Very tucked away
32 Le Thai Tho Street, Hoan Kiem, Hanoi T: (04) 3928 9897, (0912) 203 998 F: (04) 6270 2010
Little Hanoi Hostel 2 is a sister hotel to Little Hanoi Hostel (or Hotel, depending on where you look) on Hang Ga Street, which we’ve always liked, and though very different in style, we like this one too: it’s clean, comfortable, welcoming, quiet and less than a minute’s walk from Hoan Kiem Lake.
Little Hanoi Hostel 2 is probably the most tucked away hotel in Hanoi I’ve reviewed. Never mind the narrow alley along which Camellia Hotel 6 is located — for this one you almost need a torch, or at least to take off your sunglasses. Not that it’s too difficult to find; it’s located down a lane off Le Thai Tho Street, which runs along the western edge of Hoan Kiem Lake, and a sign on the wall by the entrance to the alley indicates the way. If you get to the new MAC shop (which used to be Fanny’s Ice Cream) you’ve gone too far, so backtrack 100 metres (by foot as it’s a one-way street) and there it is. Walk down the alley and at the end turn right — you don’t have a lot of choice — and the hotel is on the left.
Two basic types of accommodation are on offer: private rooms and dorm beds. The dorm beds are a bit pricier than dorms elsewhere, at US$8 a bed, but there are only four beds in a room and each room has its own bathroom, so they’re a good option if you’re travelling in a group or if you prefer not to share your snoring or morning habits with too many strangers. They also have air-con, a TV and fridge — unusual but often welcome additions to a dorm room.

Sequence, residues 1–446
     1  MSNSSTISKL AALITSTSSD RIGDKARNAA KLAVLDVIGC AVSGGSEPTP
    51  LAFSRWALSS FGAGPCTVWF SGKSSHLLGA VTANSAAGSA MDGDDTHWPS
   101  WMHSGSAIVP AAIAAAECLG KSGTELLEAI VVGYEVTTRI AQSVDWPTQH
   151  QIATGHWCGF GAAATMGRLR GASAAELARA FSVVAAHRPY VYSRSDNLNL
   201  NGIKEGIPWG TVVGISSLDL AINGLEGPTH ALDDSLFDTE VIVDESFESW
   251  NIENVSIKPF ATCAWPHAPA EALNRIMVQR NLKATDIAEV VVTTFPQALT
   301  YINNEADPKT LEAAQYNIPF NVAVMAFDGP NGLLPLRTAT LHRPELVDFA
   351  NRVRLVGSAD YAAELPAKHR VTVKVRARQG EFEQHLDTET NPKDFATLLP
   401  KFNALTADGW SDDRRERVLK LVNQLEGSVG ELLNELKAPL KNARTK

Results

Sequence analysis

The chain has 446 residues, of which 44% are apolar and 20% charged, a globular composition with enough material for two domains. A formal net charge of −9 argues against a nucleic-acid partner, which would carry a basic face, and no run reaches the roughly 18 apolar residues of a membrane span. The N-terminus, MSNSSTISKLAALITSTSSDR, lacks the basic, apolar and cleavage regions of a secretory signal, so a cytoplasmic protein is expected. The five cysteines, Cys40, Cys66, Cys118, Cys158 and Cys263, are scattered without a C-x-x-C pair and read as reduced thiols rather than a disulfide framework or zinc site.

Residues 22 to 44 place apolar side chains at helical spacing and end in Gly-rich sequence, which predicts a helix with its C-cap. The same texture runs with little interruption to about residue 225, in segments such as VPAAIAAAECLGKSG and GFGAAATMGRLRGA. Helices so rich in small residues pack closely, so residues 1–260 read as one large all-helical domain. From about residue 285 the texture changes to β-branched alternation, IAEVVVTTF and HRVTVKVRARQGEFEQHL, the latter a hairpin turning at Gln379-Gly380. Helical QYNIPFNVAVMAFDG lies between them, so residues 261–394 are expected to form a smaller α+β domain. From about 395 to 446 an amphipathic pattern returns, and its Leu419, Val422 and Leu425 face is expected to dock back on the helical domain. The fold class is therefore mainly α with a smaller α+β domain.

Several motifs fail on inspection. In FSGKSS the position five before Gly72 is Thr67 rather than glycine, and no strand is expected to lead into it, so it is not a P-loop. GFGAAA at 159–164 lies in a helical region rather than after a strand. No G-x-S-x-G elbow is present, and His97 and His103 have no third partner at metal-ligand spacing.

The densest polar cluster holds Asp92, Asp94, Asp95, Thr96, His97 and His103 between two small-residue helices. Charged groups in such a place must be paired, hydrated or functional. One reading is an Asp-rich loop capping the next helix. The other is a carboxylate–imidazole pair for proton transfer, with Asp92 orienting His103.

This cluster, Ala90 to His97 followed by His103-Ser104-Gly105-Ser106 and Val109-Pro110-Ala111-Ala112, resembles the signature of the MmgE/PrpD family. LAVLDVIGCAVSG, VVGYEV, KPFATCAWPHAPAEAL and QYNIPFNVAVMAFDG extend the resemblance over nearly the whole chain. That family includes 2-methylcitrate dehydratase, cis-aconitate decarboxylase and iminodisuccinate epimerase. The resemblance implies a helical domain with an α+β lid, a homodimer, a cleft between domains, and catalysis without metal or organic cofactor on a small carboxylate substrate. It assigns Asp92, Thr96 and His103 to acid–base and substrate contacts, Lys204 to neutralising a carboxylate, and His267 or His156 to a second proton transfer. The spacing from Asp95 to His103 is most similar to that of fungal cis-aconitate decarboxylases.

As for the private rooms, there are double, twin and triple bed options available ($25 for the doubles and twins, $27 for the triple, with air-con). The decor in the private rooms is of the very traditional, dark carved-wood variety. The double room we saw even had a Vietnamese-style bed in it — the sort that doubles up as a table during the day. And it looked like the cleaner was having a nap — we didn’t like to disturb her.
Although small, the rooms are well equipped with chairs, a desk, a fridge and a solid wardrobe. There are no LCD flatscreen TVs to be seen, but they do come with a small old-style TV. Choose between fan or air-con, which is useful when it’s warm rather than hot. Bathrooms are basic but clean.
Finally, there’s Wifi throughout, three internet stations in reception (free), tea and coffee is available all day and breakfast is included in the price (the usual bread, eggs and noodles).
I first heard about this place when friends stayed there a year or so ago while looking for a place to live. They raved about it, and particularly about its owner, who helped them find their apartment. Having now met Mr Chin I can see the appeal — he is super friendly and helpful and even remembered my friends. “I try to remember everyone who stays here and keep them close to my heart,” he told me.
While not the best value place around — better value in terms of size of room can be found at places like Camellia or Stars Hotel on Bat Su — it’s still a good choice in the price range. The only downside is that parking is limited, so it’s not the ideal place if you’ve turned up with a group on Minsks, but for most this won’t be a problem.
On our visit the dorms were all full, so it’s best to book in advance, particularly as there aren’t any alternative hotels nearby if you get there and there’s no room. Note that their website is not very accurate in terms of the room descriptions, although prices match those we were quoted.
By Sarah Turner
Last updated on 3rd February, 2016.